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The Alameda Corridor: A Blueprint for Future?The Alameda Corridor: A Blueprint for Future?

Summary and Observations of the USC/CSULB Metrans Transportation Center and the USC Keston Institute for Public Finance and Infrastructure Policy Joint Conference
February 10, 2004
Genevieve Giuliano
School of Policy, Planning and Development
University of Southern California


The Alameda Corridor is a twenty mile long rail cargo expressway linking the ports of Los Angeles and Long Beach to the transcontinental rail line near Downtown Los Angeles. Built at a total cost of approximately $2.4 billion, the project commenced commercial operations in April 2002. The project is among the few public infrastructure projects built in recent years that opened on time and within budget.

The USC/CSULB Metrans Transportation Center and the USC Keston Institute for Infrastructure co-organized a half day conference to reflect on the reasons behind successful completion of the Alameda Corridor and to consider whether the Alameda Corridor might provide a blueprint for future major infrastructure projects. Motivation for the conference comes from the successful public-private partnerships and the innovative financing model that evolved during conception and building of the project. The conference was attended by researchers and representatives from the Alameda Corridor Transportation Authority (ACTA), Ports of Los Angeles and Long Beach, USDOT, State, Regional and local public agencies, railroads, and academic institutions among others.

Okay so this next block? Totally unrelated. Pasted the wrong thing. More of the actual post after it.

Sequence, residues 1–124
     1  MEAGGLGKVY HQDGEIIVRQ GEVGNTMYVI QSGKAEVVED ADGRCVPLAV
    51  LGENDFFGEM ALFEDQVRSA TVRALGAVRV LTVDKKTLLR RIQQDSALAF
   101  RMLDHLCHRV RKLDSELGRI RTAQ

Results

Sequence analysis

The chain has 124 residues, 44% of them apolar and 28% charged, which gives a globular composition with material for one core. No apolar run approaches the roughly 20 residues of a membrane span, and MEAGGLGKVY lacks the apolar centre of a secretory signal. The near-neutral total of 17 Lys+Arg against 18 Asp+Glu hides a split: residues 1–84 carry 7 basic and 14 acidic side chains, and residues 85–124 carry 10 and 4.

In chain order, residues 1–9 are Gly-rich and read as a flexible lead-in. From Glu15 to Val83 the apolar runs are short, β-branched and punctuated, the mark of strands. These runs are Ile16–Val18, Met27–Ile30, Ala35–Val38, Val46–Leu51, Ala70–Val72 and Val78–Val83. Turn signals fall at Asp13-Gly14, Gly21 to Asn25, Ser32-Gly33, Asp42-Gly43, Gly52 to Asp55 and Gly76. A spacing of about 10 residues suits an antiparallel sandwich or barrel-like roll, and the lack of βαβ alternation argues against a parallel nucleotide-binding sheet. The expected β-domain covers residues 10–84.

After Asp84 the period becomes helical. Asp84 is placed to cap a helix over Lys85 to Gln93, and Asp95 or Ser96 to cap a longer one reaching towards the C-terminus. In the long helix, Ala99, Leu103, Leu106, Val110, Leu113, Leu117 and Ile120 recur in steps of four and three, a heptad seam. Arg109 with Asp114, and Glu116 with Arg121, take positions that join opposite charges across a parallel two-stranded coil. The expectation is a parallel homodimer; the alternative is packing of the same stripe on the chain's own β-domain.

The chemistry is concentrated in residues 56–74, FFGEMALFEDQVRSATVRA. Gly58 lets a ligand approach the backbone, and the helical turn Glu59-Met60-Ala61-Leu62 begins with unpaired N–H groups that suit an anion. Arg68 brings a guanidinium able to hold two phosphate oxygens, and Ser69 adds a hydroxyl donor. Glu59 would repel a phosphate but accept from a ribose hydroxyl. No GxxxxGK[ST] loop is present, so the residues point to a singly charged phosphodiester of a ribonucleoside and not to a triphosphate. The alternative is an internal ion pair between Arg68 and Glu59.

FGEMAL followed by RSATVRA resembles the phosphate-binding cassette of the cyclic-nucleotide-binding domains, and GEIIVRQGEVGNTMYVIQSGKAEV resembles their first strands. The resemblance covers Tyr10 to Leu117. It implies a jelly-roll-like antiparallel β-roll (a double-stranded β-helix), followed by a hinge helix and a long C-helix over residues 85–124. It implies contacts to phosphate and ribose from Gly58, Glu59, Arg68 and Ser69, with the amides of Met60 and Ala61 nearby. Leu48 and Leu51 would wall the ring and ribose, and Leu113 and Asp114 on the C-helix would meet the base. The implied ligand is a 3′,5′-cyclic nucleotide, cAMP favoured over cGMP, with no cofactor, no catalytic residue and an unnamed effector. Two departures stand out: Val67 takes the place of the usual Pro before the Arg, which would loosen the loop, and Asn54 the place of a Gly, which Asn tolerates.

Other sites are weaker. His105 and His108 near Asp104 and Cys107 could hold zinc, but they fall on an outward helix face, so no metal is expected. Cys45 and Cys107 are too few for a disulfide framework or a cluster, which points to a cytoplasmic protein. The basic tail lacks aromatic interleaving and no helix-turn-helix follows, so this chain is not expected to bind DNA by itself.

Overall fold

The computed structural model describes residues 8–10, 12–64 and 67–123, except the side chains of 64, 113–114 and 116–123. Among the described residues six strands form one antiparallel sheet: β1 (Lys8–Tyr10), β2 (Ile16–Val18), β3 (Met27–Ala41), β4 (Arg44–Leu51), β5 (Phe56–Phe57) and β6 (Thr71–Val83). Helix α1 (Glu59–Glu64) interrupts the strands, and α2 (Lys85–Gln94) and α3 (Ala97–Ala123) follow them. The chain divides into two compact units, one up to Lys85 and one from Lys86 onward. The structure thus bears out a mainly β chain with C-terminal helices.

The conference brought forth several important suggestions regarding the institutional structure and assembly of finances needed for putting together large public infrastructure projects. It also raised several unanswered questions. The conference highlighted the need for both careful, in-depth research on the Alameda Corridor as well as a better understanding of the economics of goods movement associated with the ports.

The Conference actually dealt with three questions:

1) How did the Alameda Corridor manage to be built on time and within budget?

2) How is the Alameda Corridor performing with respect to revenues and container volumes?

3) Is it a blueprint for future major infrastructure projects?

The remainder of this summary is organized around these three questions.